The sun had moved beyond their umbrella, and they squinted at the light glinting off the pool, something profound about it.
“I can’t believe we’re actually here,” Pam said.
“Are you crying?” Jerry glanced at her, then around the deck. “You’re not fucking crying.”
Two women in the chairs next to them were reading, one from a thick hardcover, which she lowered to her tanned stomach, as if she’d lost her thought.
“I’m just happy,” Pam said, rolling her body toward him. “Drunk and happy! Twenty-four years, and our little Jonah, that Tina actually married Jonah’s dad, and that Billy isn’t dead. Remember, we thought he’d be dead.”
“He’s a fucking dentist,” Jerry said.
“He was a wild man.”
“But Jonah,” Jerry said. And felt his own eyes welling. He said, “I never got why women cry, then say they’re happy.”
“It’s like men drinking,” she said.
“I never said I was happy.”
She held up the issue of People in her lap. “All these people who have so much more than us, private planes, infinity pools, Miami Vices every day. But they don’t have, I don’t know, anything real.”
Jerry sighed, stared at the supposedly infinite edge of the pool, kept staring.
“You deserve this vacation more than anyone—Jerry Conners, you deserve this!”
“Infinite my ass.”
“Especially after what happened on your birthday.”
He hefted himself up and lumbered over to the pool, the waistband of his trunks hanging low under his gut, waded in, waded away from her, jaw set, Bice high in the air. He dunked his head—shock of coldness.
Eyes closed, she counted her breaths, one through ten, trying to bring back the moment. When she opened them, he was beside her, dripping puddles onto the nice stone deck.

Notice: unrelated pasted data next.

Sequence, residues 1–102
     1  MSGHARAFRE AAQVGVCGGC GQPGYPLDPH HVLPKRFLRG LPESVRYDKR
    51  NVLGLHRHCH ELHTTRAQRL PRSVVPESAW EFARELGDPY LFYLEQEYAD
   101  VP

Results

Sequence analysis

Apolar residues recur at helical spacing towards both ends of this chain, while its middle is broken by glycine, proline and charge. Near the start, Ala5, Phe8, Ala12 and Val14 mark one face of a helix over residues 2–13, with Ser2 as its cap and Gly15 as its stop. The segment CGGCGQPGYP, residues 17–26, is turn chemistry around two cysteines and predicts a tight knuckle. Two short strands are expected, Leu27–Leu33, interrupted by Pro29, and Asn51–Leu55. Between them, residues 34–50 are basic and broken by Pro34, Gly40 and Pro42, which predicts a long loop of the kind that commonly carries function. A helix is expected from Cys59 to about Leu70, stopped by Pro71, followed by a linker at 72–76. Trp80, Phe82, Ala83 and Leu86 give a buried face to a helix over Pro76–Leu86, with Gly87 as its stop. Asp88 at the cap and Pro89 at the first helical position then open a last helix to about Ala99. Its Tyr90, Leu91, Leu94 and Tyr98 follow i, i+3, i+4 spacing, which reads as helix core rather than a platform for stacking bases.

The sun now only hit the hammocks beside the fence, and the mattresses were scattered with damp towels abandoned and twisted into lumps. The wind had picked up, carrying a hint of chlorine and fryer grease. Luz appeared, asking, “You like something else?”
“No,” Pam said.
“Gracias,” he said, fumbling with a wad of bills, sliding several off for a tip.
Pam stood and looked at the pool, now empty. “See, Hun?” she said, pointing. “A petal from this morning!” There’d been lots, she’d heard, all colors of roses, when the pool opened that morning.
She dipped her feet in, and as the petal drifted across the swells, peach as a swatch of flesh, she imagined hundreds floating, spilling over.
Some waiters were wheeling in carts of flowers for a wedding, orchids, birds of paradise, and he noticed then, as if for the first time, the carefully landscaped plots along the fence, the lemon yellow lilies with orange freckles, the papery purple bougainvillea spilling over raised beds, and even his wife, hands stretched behind her neck, rising from the pool like a lotus.

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Kristen Keckler's work has appeared in the Iowa Review, Prick of the Spindle, Ecotone, and other magazines. She currently teaches creative writing at Mercy College in the Bronx and is obsessed with basketball, astrology, flip-flops (sandals) and cats.